Education as a tool for oppression and liberation during conflicts & instability: The Palestine Case
According to article 26 of the Universal Declaration of Human Rights, everyone has the right to education. But isn't it a form of oppression if someone is denied the right to proper education, one that promotes the complete development of the human personality as well as the reinforcement of respect for fundamental freedoms and human rights?
Oppression has many forms. One of them is taking away citizens' right to acquire a formal education or their right to study what they desire. When people's right to education is denied, they struggle to get ahead in life, are victimized by numerous atrocities, etc.—being uneducated results in all these repercussions, reflecting oppression. However, the same education may also be a weapon to help citizens gain independence from the restrictions imposed by oppressive governments.
The situation of Palestine is shown below as an example of how education has been a double-edged weapon, instrument of oppression, and a tool for liberation.
Due to the 1948 Arab-Israeli conflict and the establishment of the state of Israel, two-thirds of the Palestinian people were displaced and dwelt as refugees in the West Bank, the Gaza Strip, and the surrounding countries. After the war of June 1967, the Israeli army conquered remaining Palestine (the West Bank and Gaza Strip).
Forced migration and a protracted conflict already had a profound impact on people in the West Bank and Gaza Strip, but later, Israeli efforts to undermine the educational infrastructure also had a severe impact on Palestinians, who took several steps to abolish formal education. For instance, funding for educational institutions was reduced, Palestinian educational institutions were closed down, teachers were subjected to oppressive measures, texts about the land, people, history, geography, and literature of Palestine and the Palestinians were banned or changed, classroom maps had to show Israel instead of Palestine, Quranic verses, poetry, and historical accounts of the struggle against the aggressor and texts referencing Arab unity against colonialism were removed, around 4,000 books in various fields were strictly banned, etc. (Alzaroo, Hunt).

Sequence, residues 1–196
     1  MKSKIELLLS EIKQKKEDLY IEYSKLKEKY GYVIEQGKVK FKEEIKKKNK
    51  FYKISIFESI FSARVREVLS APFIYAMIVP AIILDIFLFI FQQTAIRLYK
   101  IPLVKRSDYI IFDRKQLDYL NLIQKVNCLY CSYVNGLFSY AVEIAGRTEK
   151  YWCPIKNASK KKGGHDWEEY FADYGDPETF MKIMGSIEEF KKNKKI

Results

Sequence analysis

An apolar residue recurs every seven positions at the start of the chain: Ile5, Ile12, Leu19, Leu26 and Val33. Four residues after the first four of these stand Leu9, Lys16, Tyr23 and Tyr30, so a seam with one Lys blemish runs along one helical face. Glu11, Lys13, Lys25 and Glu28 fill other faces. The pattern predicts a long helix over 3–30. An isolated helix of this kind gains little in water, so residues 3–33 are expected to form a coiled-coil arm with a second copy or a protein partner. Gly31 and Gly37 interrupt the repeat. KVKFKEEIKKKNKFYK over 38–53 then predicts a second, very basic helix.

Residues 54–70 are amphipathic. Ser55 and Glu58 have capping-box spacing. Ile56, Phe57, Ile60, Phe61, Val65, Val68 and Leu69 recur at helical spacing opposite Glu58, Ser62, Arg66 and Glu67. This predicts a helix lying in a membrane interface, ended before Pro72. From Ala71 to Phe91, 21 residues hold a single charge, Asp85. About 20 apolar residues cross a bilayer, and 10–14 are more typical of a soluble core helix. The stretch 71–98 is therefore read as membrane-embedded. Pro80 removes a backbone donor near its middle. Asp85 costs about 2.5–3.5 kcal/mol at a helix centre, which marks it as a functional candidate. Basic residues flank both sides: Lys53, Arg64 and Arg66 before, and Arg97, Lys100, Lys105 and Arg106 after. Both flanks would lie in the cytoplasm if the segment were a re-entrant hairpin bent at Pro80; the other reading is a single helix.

Meanwhile, Palestinians began to understand the value of education and began participating in programs available to them. For instance, they concentrated on educational initiatives that included preschool instruction, vocational training, etc., health initiatives, human rights and information, initiatives for women, etc. (Alzaroo, Hunt). The Palestinian people, especially refugees, saw education as a means of surviving, and it assisted them adjust to life in exile while maintaining hope for their eventual return home.
This case, therefore, demonstrates the use of education for both oppression and a good cause. The Palestinian experience starkly contrasts how Israel exploited education as a tool of oppression while Palestinians used it as a tool of identity-building, political, economic, and social engagement, and most significantly, as a means of overcoming the subsequent displacement.
The photograph attached below is an interview of a refugee girl, and it demonstrates how education is the Palestinians' foremost concern.
Alzaroo, Salah, and Gillian Lewando Hunt. “Education in the Context of Conflict and Instability: The Palestinian Case.” Volume 37, Issue 2, 04 March 2003 https://doi.org/10.1111/1467-9515.00332